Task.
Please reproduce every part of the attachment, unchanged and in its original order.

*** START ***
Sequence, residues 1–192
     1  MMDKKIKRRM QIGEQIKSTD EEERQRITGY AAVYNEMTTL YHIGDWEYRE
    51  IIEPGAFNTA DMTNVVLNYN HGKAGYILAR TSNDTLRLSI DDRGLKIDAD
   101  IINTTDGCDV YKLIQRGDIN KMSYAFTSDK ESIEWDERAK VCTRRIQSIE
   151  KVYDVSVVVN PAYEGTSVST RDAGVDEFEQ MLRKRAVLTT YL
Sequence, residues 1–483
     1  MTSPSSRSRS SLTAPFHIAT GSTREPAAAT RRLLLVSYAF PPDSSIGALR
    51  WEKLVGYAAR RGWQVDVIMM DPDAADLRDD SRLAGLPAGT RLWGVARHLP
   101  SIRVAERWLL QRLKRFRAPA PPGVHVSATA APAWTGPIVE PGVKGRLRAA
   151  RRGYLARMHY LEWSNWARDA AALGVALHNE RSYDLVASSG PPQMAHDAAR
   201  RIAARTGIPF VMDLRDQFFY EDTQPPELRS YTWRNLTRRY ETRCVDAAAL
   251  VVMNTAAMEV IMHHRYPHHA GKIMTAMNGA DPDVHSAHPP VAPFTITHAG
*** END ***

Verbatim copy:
Sequence, residues 1–192
     1  MMDKKIKRRM QIGEQIKSTD EEERQRITGY AAVYNEMTTL YHIGDWEYRE
    51  IIEPGAFNTA DMTNVVLNYN HGKAGYILAR TSNDTLRLSI DDRGLKIDAD
   101  IINTTDGCDV YKLIQRGDIN KMSYAFTSDK ESIEWDERAK VCTRRIQSIE
   151  KVYDVSVVVN PAYEGTSVST RDAGVDEFEQ MLRKRAVLTT YL
Sequence, residues 1–483
     1  MTSPSSRSRS SLTAPFHIAT GSTREPAAAT RRLLLVSYAF PPDSSIGALR
    51  WEKLVGYAAR RGWQVDVIMM DPDAADLRDD SRLAGLPAGT RLWGVARHLP
   101  SIRVAERWLL QRLKRFRAPA PPGVHVSATA APAWTGPIVE PGVKGRLRAA
   151  RRGYLARMHY LEWSNWARDA AALGVALHNE RSYDLVASSG PPQMAHDAAR
   201  RIAARTGIPF VMDLRDQFFY EDTQPPELRS YTWRNLTRRY ETRCVDAAAL
   251  VVMNTAAMEV IMHHRYPHHA GKIMTAMNGA DPDVHSAHPP VAPFTITHAG